If you bought Bitcoin in mid-July of 2021, your investment’s value has risen a healthy 30%, although it has been on quite the ride in the meantime. If, on the other hand, if you stuck your money in early last November, your Bitcoin investment has lost 70% of its value. Since there is zero intrinsic value in a cryptocurrency as compared with, say, buying the S&P 500 (from dividends paid on corporate earnings and partial ownership of tangible assets), you are totally dependent on Bitcoin price movements for your return, or in the old investment language, hoping for a “bigger fool” to buy your coins back at a higher value than what you paid. Sometimes, you are the bigger fool.
Remember that, at any one time, half of the “marginal investors” are buying, while half are bailing out at the price of the day. You are starting with a 50-50 bet here, and betting that you are in the smarter half. Good luck with that. So far, it has been a very bad, “high Beta” bet.
Bet #3 – The Crisis Safe Harbor bet
Like gold, cryptocurrencies have attracted a lot of buyers and press from the apocalyptic community. Yes, the dollar is stable today, but what if the world goes to hell via economic collapse, world war, asteroid strike, or environmental disaster? Your bet here is that my chosen money form will have more value than the U.S. dollar when the smoke clears.
And when that smoke clears, go ahead and fire up your fully-charged cell phone and bring up the app from your internet provider so that you can purchase some food…or guns, using your crypto. And buying from someone similarly equipped while using your preferred currency. Good luck with that.
Bet #4 – Privacy, anonymity, and security
Many cryptocurrency purchasers have been attracted to a perception that this form of money is private and untraceable. Some of these folks are up to no good or avoiding taxes, but we will assume that you are just seeking a bit of privacy with your financial transactions. Unfortunately, this aspect of crypto has been grossly over-hyped.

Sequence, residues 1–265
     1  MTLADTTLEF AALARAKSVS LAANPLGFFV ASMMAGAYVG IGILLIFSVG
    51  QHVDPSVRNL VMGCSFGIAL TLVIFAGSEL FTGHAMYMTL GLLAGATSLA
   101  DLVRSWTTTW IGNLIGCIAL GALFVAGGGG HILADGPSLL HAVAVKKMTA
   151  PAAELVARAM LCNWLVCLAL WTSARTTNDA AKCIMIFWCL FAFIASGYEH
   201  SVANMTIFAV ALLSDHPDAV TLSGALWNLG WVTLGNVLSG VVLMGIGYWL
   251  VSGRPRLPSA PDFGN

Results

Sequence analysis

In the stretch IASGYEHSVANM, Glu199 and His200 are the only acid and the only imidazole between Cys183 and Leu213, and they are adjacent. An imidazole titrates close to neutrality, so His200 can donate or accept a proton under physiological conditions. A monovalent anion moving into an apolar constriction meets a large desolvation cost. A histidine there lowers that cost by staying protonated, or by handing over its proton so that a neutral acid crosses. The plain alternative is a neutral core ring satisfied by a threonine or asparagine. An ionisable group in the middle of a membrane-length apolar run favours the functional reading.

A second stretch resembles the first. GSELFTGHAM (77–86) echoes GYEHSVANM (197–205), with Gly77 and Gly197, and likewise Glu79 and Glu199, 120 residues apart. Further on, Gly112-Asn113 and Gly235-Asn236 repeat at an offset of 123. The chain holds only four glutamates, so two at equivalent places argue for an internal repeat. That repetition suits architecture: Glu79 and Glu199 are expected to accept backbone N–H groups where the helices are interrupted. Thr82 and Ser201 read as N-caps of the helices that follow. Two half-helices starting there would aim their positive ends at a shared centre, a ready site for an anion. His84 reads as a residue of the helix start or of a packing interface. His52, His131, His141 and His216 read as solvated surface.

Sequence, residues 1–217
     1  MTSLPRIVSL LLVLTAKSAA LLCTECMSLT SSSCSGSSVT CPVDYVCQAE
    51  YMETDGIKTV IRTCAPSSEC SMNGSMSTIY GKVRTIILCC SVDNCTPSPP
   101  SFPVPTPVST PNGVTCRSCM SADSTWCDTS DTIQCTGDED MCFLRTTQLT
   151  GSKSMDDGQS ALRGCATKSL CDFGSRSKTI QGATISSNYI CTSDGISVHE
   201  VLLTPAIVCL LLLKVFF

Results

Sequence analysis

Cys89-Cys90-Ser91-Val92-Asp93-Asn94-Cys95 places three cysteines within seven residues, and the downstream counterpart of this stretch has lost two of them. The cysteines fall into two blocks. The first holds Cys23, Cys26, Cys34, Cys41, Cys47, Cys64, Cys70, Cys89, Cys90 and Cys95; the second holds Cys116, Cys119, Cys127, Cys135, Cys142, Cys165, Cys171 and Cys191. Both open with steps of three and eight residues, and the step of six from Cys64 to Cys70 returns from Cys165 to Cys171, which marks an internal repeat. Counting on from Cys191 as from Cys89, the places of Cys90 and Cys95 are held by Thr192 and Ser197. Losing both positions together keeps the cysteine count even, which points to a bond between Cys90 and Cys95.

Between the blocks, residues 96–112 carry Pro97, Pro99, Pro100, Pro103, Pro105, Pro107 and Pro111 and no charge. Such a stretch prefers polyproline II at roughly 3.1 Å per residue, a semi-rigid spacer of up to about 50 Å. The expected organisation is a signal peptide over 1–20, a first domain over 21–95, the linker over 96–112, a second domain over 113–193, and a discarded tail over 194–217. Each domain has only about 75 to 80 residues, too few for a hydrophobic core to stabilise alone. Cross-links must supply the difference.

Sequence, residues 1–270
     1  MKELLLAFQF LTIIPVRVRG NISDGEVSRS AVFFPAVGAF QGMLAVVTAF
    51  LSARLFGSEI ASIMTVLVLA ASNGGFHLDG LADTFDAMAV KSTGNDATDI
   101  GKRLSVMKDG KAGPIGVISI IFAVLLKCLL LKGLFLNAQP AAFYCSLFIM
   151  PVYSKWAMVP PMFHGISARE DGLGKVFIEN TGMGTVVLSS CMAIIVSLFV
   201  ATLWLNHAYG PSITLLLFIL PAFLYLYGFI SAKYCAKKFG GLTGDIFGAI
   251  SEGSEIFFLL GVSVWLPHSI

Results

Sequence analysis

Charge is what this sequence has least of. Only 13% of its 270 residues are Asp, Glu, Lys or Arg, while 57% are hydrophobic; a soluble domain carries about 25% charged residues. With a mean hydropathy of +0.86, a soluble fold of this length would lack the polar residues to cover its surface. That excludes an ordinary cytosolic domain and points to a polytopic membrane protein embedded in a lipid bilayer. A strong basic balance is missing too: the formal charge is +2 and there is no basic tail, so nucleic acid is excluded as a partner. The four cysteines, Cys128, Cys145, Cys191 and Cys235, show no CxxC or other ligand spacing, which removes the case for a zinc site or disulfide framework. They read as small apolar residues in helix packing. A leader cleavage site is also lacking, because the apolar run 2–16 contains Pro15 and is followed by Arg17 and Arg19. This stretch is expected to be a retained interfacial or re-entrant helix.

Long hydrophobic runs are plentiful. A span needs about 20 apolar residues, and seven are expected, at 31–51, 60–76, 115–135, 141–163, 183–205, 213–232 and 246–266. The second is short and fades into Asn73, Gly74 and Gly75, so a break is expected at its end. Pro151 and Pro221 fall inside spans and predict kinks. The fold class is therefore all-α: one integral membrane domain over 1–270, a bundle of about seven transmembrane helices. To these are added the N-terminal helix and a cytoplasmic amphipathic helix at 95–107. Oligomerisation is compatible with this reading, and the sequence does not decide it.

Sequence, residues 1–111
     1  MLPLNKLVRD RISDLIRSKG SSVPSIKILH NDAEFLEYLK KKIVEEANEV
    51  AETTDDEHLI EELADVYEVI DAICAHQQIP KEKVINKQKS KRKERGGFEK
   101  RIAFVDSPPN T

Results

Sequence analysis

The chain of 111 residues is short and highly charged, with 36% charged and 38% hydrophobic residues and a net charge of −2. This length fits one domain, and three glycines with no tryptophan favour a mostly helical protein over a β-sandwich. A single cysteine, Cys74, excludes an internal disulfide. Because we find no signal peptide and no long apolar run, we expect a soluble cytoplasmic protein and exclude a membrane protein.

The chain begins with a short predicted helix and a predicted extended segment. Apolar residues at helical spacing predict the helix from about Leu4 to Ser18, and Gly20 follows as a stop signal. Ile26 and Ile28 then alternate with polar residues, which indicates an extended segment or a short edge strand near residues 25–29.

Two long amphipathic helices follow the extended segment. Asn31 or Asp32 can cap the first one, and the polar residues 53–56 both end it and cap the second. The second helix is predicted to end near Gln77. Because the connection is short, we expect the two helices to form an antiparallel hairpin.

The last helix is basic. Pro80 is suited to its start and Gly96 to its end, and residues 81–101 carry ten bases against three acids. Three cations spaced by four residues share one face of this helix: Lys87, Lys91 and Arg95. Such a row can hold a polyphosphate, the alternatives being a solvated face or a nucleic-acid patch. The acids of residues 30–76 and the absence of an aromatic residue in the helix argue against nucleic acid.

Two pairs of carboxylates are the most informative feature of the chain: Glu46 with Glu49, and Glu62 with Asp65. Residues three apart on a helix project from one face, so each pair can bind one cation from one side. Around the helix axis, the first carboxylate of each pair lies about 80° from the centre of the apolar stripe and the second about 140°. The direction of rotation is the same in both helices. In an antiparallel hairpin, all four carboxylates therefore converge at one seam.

Indeed, every transaction you make with your cryptocurrency becomes a public record in the blockchain, the key transaction technology undergirding all cryptocurrencies. The anonymous part has come so far in being able to keep your ownership of a particular “wallet” less visible than, say, if the money were in a conventional stock trading account. To some extent this has been true, but as soon as you try to use an online commercial portal to manage your holdings, which is a practical requirement for most investors, you become “just another customer” and somebody knows who you are.
Quick in-and-out money transfers across borders are possible with cryptocurrencies, but transactions costs are still high and not as private as you think. If your cash is legal, then a bank transfer is still a much better deal.
Recent news events have highlighted both continuing scams and thefts surrounding portals and new cryptocurrency offerings, as well as the recovery, by the U.S. government, of billions of dollars worth of stolen Bitcoins. You can run, but you can’t hide. Most of us are very small players here in international crypto-bazaars where cyber-pickpockets are everywhere. “There be dragons!”
It is so much easier, I have found, just living a personal and taxpayer life where I have nothing to hide. Anonymity is often a bad bet.
Those are the bets. You have been warned.
For an update and deep dive into the pricing of goods and services using crypto, see this more recent post.
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Great article. Kudos!!!
I agree with everything except the framing of bet #3, which I think is slightly mischaracterising what the true believers would argue. To be maximally charitable to them, their argument seems to be not so much that e.g. Bitcoin would still work after the collapse of complex societies with computers, but that it would be stable (enough) across economic upheaval that might prompt a government to devalue or reform the nation’s currency.
The counter-argument that remains is then the “using your preferred currency” out of all the >20,000 or so currently existing crypto-somethings. Plus the observation that cryptocurrencies don’t have intrinsic value like barter proto-currencies (cigarettes in Germany directly after WW2, the Aztec’s cocoa beans, coca leaves in rural Bolivia), making it much more likely that people would revert to those instead of crypto in a crisis that takes government-backed money out of the running.
I agree with your basic points here. There are multiple arguments about “safe harbor” uses for crypto, but even the more conservative ones, which I would characterize as being closer to the “Gold Standard” school of currency stability, have a hard time coming up with supporting data. Track gold against the big cryptos and gold looks appropriately counter-cyclical, yet positively stable through the recent upheavals compared to cryptos. The cryptos are still all over the place. I’m not a Gold Standard person, admittedly, but gold has been a decent Safe Harbor recently.